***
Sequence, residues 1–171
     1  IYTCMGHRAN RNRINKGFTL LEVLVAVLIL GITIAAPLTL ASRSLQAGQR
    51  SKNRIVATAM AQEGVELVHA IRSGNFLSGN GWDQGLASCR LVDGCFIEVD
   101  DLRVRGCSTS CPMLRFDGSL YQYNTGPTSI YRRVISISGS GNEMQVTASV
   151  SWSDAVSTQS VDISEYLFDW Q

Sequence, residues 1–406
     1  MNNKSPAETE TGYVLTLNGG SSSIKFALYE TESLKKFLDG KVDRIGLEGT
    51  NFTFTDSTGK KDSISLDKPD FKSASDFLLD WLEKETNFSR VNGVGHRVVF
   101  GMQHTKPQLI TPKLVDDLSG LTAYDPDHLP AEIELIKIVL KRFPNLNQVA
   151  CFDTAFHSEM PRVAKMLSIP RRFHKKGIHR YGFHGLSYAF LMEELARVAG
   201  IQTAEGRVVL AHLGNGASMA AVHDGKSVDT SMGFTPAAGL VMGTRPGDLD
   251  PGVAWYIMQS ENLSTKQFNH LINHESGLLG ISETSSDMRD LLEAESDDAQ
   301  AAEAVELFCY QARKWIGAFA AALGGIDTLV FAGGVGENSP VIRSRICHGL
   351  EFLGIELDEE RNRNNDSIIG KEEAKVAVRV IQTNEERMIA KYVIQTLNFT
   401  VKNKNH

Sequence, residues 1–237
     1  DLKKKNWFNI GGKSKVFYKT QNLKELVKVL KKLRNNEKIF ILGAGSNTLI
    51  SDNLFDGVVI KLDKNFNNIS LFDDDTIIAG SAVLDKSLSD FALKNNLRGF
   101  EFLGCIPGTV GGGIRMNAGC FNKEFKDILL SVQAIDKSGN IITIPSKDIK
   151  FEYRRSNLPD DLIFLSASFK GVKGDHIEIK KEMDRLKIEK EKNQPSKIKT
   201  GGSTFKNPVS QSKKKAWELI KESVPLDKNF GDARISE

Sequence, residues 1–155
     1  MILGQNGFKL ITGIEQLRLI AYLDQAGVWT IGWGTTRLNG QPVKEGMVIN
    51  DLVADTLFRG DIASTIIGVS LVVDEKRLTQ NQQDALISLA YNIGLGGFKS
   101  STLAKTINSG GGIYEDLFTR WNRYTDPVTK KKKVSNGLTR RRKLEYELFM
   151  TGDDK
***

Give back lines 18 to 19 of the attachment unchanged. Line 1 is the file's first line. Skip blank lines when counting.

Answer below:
    51  SDNLFDGVVI KLDKNFNNIS LFDDDTIIAG SAVLDKSLSD FALKNNLRGF
   101  EFLGCIPGTV GGGIRMNAGC FNKEFKDILL SVQAIDKSGN IITIPSKDIK